Features January 2011 Issue

Know How to Respond If You Have PAD and Experience A “Leg Attack”

Understand the symptoms that require immediate medical attention if you have peripheral arterial disease. Critical limb ischemia could lead to amputation.

Peripheral arterial disease (PAD) affects about nine million Americans, according to the American Heart Association. In PAD a buildup of plaque in the legs, often occurring in the femoral arteries, can reduce blood flow from the heart to the lower limbs. For most people with PAD, this results in cramping pain in the calf muscles when walking, or in other types of leg pain and decreased function. "However in severe PAD cases, a condition called critical limb ischemia (CLI) can develop," says Heather Gornik, MD, a cardiologist at Cleveland Clinic’s Robert and Suzanne Tomsich Department of Cardiovascular Medicine. "Sometimes referred to as a ‘leg attack,’ CLI can be more deleterious to your health than heart attack or stroke."

Severe blockages

In CLI, severe blockages in the arteries in the lower legs reduce blood flow to the extent it causes "ischemic rest pain": severe pain in the feet or toes. "The pain typically occurs at night, when you’re lying down, and can continue for hours at a time," says Dr. Gornik.

Alan Hirsch, MD, adjunct professor in the Division of Epidemiology at the University of Minnesota School of Public Health, notes that the poor circulation that occurs with PAD also can result in ulcers and wounds that won’t heal. "These often are the earliest sign that PAD might result in gangrene and/or limb loss," he says. Amputation occurs in about 25 percent of all CLI patients, according to the Vascular Disease Foundation.

In some cases, PAD and CLI can be diagnosed with a physical examination. "Your doctor will feel the pulses in your legs and note that they are diminished or absent," says Dr. Gornik. "Alternately, he or she may use a stethoscope to listen for a ‘bruit’—a term used to describe the sound blood makes as it flows past an obstruction—in the arteries of the legs."

However, in most cases, another test will be needed to confirm the diagnosis of PAD. "The ankle-brachial index test (ABI) is the most common test used," Dr. Gornik confirms. "It involves measuring blood pressures at the arms and the ankles, and dividing the systolic (upper number) blood pressure in the arm by the systolic blood pressure at the ankle." A result of 0.7 to 0.9 is classified as mild ischemia, with 0.4 to 0.69 considered moderate ischemia, and 0.39 or less, severe ischemia with a danger of limb loss. Imaging tests such as ultrasound, CT scan, MRI and angiography, also may be used to detect the severity and location of blockages in the legs.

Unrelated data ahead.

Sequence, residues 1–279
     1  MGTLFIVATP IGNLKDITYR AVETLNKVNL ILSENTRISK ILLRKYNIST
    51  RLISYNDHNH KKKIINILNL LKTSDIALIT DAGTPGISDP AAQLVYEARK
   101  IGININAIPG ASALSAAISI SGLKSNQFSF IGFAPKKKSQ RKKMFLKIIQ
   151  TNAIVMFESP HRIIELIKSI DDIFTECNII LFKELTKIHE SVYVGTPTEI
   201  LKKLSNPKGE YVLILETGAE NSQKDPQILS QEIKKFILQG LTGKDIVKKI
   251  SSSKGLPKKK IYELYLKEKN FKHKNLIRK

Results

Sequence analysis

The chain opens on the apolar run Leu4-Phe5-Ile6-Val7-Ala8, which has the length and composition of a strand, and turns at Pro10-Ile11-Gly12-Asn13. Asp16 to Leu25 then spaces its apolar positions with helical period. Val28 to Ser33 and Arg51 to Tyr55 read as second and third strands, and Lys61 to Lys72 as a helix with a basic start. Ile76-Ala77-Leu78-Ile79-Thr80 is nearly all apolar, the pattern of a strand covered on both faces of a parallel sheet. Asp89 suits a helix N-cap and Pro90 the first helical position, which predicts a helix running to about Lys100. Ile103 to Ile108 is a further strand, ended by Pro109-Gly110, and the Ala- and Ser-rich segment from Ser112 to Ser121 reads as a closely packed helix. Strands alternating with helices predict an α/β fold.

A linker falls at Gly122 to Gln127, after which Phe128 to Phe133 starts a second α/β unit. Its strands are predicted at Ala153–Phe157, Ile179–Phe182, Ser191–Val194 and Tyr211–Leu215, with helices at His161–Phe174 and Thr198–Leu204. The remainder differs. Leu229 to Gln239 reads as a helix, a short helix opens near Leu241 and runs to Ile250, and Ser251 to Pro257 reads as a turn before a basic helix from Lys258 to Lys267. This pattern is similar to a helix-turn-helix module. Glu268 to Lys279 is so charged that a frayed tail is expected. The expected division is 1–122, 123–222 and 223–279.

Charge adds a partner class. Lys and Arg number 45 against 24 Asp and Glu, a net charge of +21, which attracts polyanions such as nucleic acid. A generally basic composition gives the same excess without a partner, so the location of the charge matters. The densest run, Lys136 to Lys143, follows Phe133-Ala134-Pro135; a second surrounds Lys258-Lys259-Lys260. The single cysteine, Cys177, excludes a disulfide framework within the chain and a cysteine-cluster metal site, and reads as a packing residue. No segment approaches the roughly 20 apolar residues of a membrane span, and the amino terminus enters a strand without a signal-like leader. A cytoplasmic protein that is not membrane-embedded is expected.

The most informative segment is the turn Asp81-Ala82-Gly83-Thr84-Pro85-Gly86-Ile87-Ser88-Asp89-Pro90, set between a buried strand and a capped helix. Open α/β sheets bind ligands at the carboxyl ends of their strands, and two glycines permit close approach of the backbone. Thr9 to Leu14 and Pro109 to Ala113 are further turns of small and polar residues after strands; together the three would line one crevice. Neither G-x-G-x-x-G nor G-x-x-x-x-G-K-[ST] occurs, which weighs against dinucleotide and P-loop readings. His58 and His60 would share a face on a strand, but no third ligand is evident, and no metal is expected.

Treating CLI

"If a patient with PAD has signs of CLI, immediate treatment is essential to re-establish blood flow to the affected area," Dr. Gornik explains. "The number one priority is to preserve the limb," Dr. Hirsch confirms.

Medications may be prescribed to reduce the effect of the underlying PAD, with contributing factors such as high blood pressure, high cholesterol and diabetes the main targets for drug treatment. You’ll be given painkillers, and anti-platelet medications or anticoagulants, such as aspirin, clopidogrel (Plavix), or warfarin (Coumadin), to help prevent blood clots. "These medications are critical so that heart attack and stroke, both major associated PAD and CLI risks, don’t occur," Dr. Hirsch adds.

Surgical treatments can be very successful. Angioplasty is one option: It involves having a small balloon catheter inserted into the femoral artery through a puncture in the groin. It is fed through the artery to the site of the blockage, under X-ray guidance, and the balloon is inflated to open the artery. "A wire mesh tube called a stent is often placed at the area of the blockage, as this can help to keep the artery open," says Dr. Hirsch.

Another option for more serious cases is surgical bypass utilizing one of your own veins or a synthetic tube that is attached to the artery above and below the area of blockage to re-route blood. "This typically has a good success rate," Dr. Gornik notes, "but you’ll need to be admitted to the hospital for several days, and the recovery time is longer than it is with angioplasty and stenting."

In the most severe cases of CLI, where there is gangrene, severe non-healing wounds, or few options for improving blood flow to the leg, amputation of the foot or leg may be required. "The goal of CLI treatment is to avoid amputation and protect the limb, so early recognition of this limb-threatening condition is very important, says Dr. Gornik. "If you have PAD and have any of the signs of CLI, such as worsening leg pain with walking, pain in your foot or leg at rest, a non healing sore, or severe color changes of the foot, let your doctor know about this straightaway."

Patients (and their families) with PAD deserve, as for any chronic illness, access to accurate health information, Dr, Hirsch adds.

This can be obtained via the Vascular Disease Foundation
(www.vdf.org) and its PAD Coalition (www.padcoalition.org), or via its PAD book for the public, 100 Questions and Answers about Peripheral Artery Disease.